- Raul Neto, G — More of an undersized shooting guard than an undersized point guard, but Neto is a good shooter, solid playmaker and competitive defender (though not always effective because of his size) who could plug into virtually any backcourt rotation. He’s coming off the best season of his career (a shade below league average) and on a minimum contract, which makes him easy to trade. INTEREST FROM: Contenders
- Thomas Bryant, C — Offensively, Bryant is extraordinary. He hits shots from anywhere — elite finisher at-rim, knockdown three-point shooter, excellent from the midrange. He sets good screens, is a superb decision-maker in pick-and-roll situations, and an effective passer on the short roll. What diminishes his value: defense and that torn ACL. He could move up this list significantly if he returns to action as good as he left on offense and with even average defense. INTEREST FROM: Contenders and Rebuilders
- Corey Kispert, F/G — Hasn’t played a minute in the NBA, but he figures to be a terrific shooter, he’s on a rookie contract, and he’s still a blank enough slate that he could be added to a larger trade as an added value. INTEREST FROM: Value added in larger trade.
- Deni Avdija, F — The theory of Avdija — playmaking SF — is great, but his on-court performance last season showed considerable distance between theory and reality. He needs to improve every aspect of his game — shooting, ball handling, decision-making, defending without fouling. But, he’s also entering his age 21 season, and he’s on a rookie contract for another three seasons. INTEREST FROM: Rebuilders and Value added in larger trade.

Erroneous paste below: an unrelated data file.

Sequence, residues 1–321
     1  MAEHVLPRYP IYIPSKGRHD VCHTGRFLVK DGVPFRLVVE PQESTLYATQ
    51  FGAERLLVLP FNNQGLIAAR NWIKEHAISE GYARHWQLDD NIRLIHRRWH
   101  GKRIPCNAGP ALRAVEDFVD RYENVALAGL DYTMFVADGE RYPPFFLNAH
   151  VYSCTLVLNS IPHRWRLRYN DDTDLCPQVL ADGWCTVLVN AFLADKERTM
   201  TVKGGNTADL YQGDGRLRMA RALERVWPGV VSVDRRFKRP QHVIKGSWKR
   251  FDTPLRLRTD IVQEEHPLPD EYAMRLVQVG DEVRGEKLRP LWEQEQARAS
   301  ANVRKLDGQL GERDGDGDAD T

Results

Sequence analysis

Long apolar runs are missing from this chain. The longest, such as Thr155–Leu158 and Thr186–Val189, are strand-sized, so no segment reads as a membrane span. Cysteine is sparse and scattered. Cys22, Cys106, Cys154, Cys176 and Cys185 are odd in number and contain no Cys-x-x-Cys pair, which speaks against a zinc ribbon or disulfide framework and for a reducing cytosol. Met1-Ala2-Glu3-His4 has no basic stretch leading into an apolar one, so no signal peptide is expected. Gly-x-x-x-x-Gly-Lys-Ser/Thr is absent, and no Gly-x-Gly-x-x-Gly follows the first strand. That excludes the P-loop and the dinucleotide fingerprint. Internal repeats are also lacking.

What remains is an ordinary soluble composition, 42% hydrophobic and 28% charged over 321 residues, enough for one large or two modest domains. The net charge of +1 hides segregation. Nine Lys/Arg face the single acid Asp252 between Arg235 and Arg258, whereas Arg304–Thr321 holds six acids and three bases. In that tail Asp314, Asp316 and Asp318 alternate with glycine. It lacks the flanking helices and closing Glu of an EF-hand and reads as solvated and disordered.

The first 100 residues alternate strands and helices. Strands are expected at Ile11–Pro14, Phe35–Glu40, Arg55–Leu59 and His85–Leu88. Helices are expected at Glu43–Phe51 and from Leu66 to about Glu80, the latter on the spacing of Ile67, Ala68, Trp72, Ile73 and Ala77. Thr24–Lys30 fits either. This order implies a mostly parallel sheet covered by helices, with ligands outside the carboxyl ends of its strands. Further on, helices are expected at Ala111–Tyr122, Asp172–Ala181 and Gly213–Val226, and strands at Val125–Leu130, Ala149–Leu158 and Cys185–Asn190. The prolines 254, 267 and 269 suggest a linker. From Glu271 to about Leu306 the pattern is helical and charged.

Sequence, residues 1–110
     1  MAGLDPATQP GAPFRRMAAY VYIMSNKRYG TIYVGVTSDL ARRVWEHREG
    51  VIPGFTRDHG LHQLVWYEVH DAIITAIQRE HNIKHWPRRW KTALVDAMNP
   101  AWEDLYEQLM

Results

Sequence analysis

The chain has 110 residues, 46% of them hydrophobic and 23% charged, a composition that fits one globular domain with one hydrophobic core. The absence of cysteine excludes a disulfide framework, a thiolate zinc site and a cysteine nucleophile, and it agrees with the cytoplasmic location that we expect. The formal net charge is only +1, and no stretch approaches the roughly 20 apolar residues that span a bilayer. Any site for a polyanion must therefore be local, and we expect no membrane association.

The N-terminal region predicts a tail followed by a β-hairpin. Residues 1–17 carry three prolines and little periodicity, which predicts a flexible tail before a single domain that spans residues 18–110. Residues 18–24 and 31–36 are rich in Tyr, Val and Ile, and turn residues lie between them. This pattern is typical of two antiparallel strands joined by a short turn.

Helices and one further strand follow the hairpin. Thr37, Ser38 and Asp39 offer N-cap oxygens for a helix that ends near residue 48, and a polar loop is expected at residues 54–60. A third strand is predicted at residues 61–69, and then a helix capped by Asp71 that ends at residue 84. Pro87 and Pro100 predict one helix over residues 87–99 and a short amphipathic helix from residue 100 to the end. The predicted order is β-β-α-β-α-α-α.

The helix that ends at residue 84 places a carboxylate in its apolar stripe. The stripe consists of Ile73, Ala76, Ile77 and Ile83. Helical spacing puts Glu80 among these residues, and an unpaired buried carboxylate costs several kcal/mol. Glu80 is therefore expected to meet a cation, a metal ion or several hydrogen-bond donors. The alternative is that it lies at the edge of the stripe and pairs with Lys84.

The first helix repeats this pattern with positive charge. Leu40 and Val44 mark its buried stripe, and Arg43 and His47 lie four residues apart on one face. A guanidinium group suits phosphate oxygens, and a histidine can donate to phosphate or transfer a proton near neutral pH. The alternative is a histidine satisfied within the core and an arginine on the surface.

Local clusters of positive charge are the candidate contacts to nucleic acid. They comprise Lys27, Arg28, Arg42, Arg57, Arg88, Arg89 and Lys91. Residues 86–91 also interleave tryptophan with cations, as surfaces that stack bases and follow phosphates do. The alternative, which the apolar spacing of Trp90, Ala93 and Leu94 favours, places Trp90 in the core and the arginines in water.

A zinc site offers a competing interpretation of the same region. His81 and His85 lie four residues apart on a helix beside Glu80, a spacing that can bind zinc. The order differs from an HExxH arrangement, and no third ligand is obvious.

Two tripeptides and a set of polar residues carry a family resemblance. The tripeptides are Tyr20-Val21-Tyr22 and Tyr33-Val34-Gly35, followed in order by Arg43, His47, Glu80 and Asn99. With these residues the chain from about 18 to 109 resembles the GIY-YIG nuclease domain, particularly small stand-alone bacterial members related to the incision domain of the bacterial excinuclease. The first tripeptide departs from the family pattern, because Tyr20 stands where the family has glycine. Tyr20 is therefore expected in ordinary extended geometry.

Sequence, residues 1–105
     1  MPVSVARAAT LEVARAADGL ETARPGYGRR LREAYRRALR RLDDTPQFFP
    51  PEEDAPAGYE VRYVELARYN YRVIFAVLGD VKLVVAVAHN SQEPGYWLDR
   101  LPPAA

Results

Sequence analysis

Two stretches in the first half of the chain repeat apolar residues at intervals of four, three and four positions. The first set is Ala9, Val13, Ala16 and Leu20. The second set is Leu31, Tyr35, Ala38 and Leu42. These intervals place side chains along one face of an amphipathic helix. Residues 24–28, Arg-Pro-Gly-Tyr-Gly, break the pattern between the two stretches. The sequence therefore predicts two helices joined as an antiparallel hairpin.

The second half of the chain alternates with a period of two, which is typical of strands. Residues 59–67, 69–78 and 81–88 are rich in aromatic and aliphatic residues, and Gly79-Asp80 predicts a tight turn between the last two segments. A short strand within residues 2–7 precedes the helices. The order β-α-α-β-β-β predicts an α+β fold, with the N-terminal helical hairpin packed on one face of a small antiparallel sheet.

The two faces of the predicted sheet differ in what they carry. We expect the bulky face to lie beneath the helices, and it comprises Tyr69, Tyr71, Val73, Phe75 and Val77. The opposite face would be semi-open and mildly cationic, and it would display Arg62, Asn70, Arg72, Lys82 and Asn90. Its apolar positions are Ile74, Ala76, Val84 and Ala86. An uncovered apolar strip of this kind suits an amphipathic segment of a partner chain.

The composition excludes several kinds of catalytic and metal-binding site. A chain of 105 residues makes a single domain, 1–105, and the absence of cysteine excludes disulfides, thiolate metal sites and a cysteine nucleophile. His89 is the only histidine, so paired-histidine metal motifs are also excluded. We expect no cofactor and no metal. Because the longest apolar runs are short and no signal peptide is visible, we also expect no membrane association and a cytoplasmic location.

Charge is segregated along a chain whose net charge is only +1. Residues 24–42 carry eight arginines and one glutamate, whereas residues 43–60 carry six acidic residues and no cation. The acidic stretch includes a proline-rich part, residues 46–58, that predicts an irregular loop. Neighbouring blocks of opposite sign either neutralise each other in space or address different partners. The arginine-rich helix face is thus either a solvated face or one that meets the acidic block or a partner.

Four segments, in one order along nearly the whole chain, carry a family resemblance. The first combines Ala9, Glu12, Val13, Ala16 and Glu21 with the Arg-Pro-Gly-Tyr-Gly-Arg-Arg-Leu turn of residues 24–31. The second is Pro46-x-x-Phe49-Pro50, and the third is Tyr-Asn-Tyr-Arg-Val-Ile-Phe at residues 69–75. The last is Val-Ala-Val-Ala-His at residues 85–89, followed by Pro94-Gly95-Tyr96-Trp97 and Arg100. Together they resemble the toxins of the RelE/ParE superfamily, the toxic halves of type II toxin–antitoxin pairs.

- Aaron Holiday, G, Anthony Gill, F, Cassius Winston, G, Isaiah Todd, F — It’s unlikely any team would want one of these four for their current playing ability. It’s conceivable a team could take Todd on a developmental bet, but his trade value is probably more in the same vein as the other other three: helping match salary values in a larger trade.
The above list is thinking about desirability for a contending or semi-contending team. The list could look quite different for a lottery-bound team that’s “selling” a veteran at the deadline. For example, if the Detroit Pistons are out of contention next season and are offering Jerami Grant, they’d almost certainly have more interest in Hachimura and Avdija than Bertans or Neto.
Conversely, if the Milwaukee Bucks call looking for help, they’d surely have more interest in veterans like KCP, Kuzma, Harrell and Bertans.
Even with value lists varying from team to team, the above is my best guess at the value of the return each player would fetch in a trade. So, while a rebuilding team might be interested in acquiring Avdija, I suspect they’d be willing to give up less for him than a contending team would give up for Neto. My reasoning: Neto’s performance level is established and known while Avdija’s future value remains speculative.
Now comes the fun part: The Bullets Forever crew tells me all the reasons I’m completely wrong.